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Theor Appl Genet. 2007 Mar;114(5):765-76. Epub 2007 Feb 16.

Temporal changes in allele frequencies in two European F(2) flint maize populations under modified recurrent full-sib selection.

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Institute of Plant Breeding, Seed Science, and Population Genetics, University of Hohenheim, 70593, Stuttgart, Germany.


Selection and random genetic drift are the two main forces affecting the selection response of recurrent selection (RS) programs by changes in allele frequencies. Therefore, detailed knowledge on allele frequency changes attributable to these forces is of fundamental importance for assessing RS programs. The objectives of our study were to (1) estimate the number, position, and genetic effect of quantitative trait loci (QTL) for selection index and its components in the base populations, (2) determine changes in allele frequencies of QTL regions due to the effects of random genetic drift and selection, and (3) predict allele frequency changes by using QTL results and compare these predictions with observed values. We performed QTL analyses, based on restriction fragment length polymorphisms (RFLPs) and simple sequence repeats (SSRs), in 274 F(2:3) lines of cross KW1265 x D146 (A x B) and 133 F(3:4) lines of cross D145 x KW1292 (C x D) originating from two European flint maize populations. Four (A x B) and seven (C x D) cycles of RS were analyzed with SSRs for significant allele frequency changes due to selection. Several QTL regions for selection index were detected with simple and composite interval mapping. In some of them, flanking markers showed a significant allele frequency change after the first and the final selection cycles. The correlation between observed and predicted allele frequencies was significant only in A x B. We attribute these observations mainly to (1) the high dependence of the power of QTL detection on the population size and (2) the occurrence of undetectable QTL in repulsion phase. Assessment of allele frequency changes in RS programs can be used to detect marker alleles linked to QTL regions under selection pressure.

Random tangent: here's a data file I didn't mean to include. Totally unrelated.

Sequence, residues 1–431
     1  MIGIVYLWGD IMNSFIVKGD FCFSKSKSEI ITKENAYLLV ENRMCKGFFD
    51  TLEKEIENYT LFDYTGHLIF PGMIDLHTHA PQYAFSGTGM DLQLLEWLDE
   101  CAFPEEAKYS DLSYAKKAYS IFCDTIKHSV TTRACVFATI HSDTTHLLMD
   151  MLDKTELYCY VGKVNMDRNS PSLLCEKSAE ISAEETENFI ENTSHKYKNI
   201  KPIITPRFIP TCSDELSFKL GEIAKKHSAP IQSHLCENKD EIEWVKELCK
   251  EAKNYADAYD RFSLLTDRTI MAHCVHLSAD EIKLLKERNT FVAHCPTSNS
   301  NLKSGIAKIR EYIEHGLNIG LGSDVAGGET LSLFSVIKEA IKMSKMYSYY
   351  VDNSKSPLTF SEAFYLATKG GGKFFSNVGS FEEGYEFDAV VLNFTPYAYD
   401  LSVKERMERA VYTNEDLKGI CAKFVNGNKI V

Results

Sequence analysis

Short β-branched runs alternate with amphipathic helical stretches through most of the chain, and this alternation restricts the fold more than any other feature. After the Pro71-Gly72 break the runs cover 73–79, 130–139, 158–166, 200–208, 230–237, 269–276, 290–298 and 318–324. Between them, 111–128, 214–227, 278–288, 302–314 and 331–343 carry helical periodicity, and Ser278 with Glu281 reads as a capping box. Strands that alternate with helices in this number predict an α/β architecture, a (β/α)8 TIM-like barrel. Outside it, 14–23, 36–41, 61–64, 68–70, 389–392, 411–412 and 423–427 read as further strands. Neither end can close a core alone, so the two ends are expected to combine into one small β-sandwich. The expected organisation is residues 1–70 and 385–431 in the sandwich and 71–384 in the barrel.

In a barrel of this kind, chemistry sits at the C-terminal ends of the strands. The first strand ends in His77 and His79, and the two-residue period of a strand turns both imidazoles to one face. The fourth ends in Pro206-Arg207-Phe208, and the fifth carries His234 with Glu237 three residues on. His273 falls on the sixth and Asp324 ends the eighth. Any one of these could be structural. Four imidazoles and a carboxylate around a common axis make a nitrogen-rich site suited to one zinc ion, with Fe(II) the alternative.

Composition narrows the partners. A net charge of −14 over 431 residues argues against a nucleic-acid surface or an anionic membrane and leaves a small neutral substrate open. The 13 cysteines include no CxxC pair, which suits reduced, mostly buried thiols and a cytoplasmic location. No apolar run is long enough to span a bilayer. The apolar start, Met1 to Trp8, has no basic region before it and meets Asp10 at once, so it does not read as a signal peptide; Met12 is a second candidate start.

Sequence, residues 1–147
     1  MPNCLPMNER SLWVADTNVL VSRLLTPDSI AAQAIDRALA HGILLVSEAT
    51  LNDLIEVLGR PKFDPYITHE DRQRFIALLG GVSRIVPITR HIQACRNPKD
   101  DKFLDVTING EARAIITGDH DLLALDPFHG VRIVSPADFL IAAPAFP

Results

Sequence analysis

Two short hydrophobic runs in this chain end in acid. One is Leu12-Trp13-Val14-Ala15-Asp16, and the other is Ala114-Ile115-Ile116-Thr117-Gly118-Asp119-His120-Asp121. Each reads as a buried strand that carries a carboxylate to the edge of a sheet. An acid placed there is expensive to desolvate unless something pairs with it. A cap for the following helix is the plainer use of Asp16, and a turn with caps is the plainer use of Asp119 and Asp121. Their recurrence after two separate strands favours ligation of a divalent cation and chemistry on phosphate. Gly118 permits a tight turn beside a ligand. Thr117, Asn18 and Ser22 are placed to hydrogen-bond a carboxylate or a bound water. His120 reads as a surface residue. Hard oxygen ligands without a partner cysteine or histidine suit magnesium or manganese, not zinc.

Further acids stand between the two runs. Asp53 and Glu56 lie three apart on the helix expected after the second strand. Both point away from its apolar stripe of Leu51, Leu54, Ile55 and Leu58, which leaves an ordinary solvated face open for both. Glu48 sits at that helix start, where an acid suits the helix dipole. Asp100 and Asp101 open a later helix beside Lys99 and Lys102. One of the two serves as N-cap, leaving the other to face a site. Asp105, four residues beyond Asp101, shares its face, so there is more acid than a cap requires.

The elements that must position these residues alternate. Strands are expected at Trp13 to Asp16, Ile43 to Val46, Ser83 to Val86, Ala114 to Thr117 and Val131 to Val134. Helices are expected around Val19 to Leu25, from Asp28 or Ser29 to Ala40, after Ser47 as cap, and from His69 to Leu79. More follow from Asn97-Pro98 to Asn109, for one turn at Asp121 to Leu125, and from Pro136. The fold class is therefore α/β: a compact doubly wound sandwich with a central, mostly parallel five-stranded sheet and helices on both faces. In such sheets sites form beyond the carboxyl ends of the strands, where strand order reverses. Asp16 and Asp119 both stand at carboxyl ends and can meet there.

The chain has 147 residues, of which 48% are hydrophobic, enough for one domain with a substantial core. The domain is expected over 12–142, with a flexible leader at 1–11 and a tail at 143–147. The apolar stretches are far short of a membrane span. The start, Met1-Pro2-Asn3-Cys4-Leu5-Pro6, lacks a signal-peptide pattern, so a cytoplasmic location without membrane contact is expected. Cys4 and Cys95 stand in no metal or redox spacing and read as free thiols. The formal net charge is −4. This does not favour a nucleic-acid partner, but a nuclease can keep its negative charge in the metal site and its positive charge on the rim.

[Indexed for MEDLINE]

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